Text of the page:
Placing a few honeybee colonies along the edges of your cotton fields may increase the amount of lint that finds its way into your picker come harvest time, according to a recent study at Alabama A&M University.
Entomologist Kenneth Ward says that in the past it was difficult to introduce pollinating insects into cotton fields due to the heavy pesticide usage required for cotton production.
However, the increase in recent years to insect-resistant cotton crops and the adoption of boll weevil eradication programs has decreased the number of insecticide applications growers need to make, providing a better opportunity for honeybees to help work their magic.
Could the introduction of supplemental honeybees into a field planted in an insect-resistant transgenic cotton variety, increase cotton fiber yield potential? The short answer, Ward says, is yes.
A two-year on-farm study undertaken by entomologists at Alabama A&M University appears to show an increase in the amount of fiber produced per cotton boll.
“What we found the first year was that the yield per boll went down significantly as you got further away from the bees,” Ward says. “The second year we saw the same thing, and although the yield findings were still significant, they weren't quite to the same degree as they were the first year of the study.”
According to Ward's data, in the study's first year the bee field yielded 1,184 pounds per acre, and the non-bee field yielded 1,046 pounds per acre. The next year the bee field yielded 1,313 pounds per acre and the non-bee field yielded 1,212 pounds per acre.
“These trends were detected in producer fields, with limited control over experimental conditions,” he says. “The multi-year data from this study was consistent, and it suggests a positive impact of supplemental honeybees on cotton yield indicators in Bt cotton.”
In the first year of the study, the bee colonies were placed in adjacent corners of one 140- to 160-acre cotton field with another similarly sized field without bee hives used as a control field. Both fields were irrigated using a center pivot system, and both were planted in Bt cotton. The bee field was supplemented with approximately one hive of honeybees per acre of cotton.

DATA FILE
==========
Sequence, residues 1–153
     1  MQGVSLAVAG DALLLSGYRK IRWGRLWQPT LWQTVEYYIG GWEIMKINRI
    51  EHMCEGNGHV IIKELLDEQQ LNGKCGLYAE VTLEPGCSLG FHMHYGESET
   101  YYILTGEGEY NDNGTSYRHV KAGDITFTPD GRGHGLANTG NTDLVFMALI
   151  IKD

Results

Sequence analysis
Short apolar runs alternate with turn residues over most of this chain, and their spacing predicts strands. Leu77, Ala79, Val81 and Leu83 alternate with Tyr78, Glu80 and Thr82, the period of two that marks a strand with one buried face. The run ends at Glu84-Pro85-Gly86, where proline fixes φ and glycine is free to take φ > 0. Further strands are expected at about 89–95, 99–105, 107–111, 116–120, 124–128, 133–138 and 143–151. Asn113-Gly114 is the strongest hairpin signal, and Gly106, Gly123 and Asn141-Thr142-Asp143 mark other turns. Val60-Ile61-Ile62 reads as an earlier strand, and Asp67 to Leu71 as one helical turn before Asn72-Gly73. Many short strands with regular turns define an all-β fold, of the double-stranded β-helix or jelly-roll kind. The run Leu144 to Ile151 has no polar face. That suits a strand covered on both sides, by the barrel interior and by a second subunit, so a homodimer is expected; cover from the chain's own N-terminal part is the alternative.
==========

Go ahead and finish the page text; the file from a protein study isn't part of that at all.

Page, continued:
The study was repeated the next year by simply switching the hives of honeybees to the same positions in the opposite “control” field.
In both years, the bee fields and the non-bee fields were sampled in multiple field locations to obtain cotton yield data and bee activity data. To break down the cotton yield components, 20 one-day-old to two-day-old flowering cotton blooms were tagged per sample point weekly for four weeks. The resulting bolls were also collected and counted later in the season, after a defoliation treatment.
To obtain estimates of bee activity in the fields, the researchers at Alabama A&M counted the number of foraging bees within a 40-foot radius for a period of three minutes per sampling point.
The bee activity in the cotton field was as would be expected, Ward says. “Once you got halfway into the field the bee activity fell off to the level in the non-bee field. There were still bees in both fields, but at different levels.”
“This is a small study, but we feel it is reason enough to justify a larger study,” he says. “The research results strongly suggest that the introduction of honeybees into a Bt cotton crop can have a positive impact on yield potential.”
An added benefit the Alabama researchers discovered was the successful production of honey in the hives along the cotton fields. The bee hives placed alongside the fields each yielded about 50 pounds of “very smooth” honey.
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